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ODD AUSTRALIAN CREATURE WASHED UP AT A LAKE TRIGGERS TIDAL WAVE OF ONLINE CURIOSITY

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Eel Pike Died Pepperell

GIANT eel, “messed up crocodile” or mystery lake monster?

According to the man who photographed it and triggered a tidal wave of online curiosity: none of the above.

Robert Tyndall’s photo of a mysterious creature he found near the Swansea boat ramp confused and slightly unnerved locals when it washed up on social media on Monday.

Ethan Tippa, who shared it on Facebook, typified the general response.

“What the f— is it?”

The answer, experts soon confirmed, was that it was a pike eel.

What was far from obvious from the photo, and what a bemused Mr Tyndall later revealed, was that the eel measured “about 1.4 metres”.

“I knew it was some kind of eel and it’s a big eel, but it definitely looks bigger,” Mr Tyndall, who found the eel while fishing last weekend, said.

“I think everyone enjoys using their imagination. Judging by the comments, it was growing by the minute.”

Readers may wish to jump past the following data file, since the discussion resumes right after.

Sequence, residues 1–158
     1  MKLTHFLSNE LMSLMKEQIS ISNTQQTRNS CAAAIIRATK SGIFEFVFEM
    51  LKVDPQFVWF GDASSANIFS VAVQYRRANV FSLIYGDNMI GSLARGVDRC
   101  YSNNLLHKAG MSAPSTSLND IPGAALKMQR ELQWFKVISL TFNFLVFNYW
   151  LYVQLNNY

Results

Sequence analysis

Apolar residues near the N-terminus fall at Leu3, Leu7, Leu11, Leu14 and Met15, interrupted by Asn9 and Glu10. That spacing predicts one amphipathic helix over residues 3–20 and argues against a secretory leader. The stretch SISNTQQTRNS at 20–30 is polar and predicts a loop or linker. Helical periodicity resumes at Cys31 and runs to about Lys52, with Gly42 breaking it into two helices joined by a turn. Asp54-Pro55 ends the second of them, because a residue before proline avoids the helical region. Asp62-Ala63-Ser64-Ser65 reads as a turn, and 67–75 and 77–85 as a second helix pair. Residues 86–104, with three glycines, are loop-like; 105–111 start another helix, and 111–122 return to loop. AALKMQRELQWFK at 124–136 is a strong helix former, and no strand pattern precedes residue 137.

Mr Tyndall, of Caves Beach, said he was amused by speculation his image was Photoshopped, because he doesn’t “know anything about computers”.

To many, the angle made the eel seem longer than the species’ average maximum of 1.8 metres.

The nocturnal pike eel is common but surprisingly little is known about it.

Marine biologist Julian Pepperell said the species is frequently caught by fishers at night who get “the fright of their lives” when they reel in a powerful, thrashing predator with a nasty bite.

“There are certainly people who are bitten by them in boats,” Dr Pepperell said.

“They have incredibly strong muscle and their teeth are geared towards inflicting slashing wounds.”

An old fishers’ adage goes that a tinnie has room for a fisherman or a pike eel, but not both.

The photo of the long, sharp-toothed and clearly dead creature has been shared thousands of times on social media, with many identifying it as the similar but flatter-bodied largehead hairtail.

The eel at Swansea was probably “relatively old”, Dr Pepperell said, and could have died from a net entanglement, been hit by a boat or died of old age.

A Department of Primary Industries spokesman also said it appeared to be a mature specimen.

“Judging by the size it is believed that the eel was mature and may have died from natural causes,” the spokesman said.

Pike eels are not poisonous to eat, and are frequently sold in the markets of Southeast Asia.

They have been known to hunt 100 metres beneath the ocean’s surface for fish and crustaceans, and are more common off NSW than anywhere else in Australia

 

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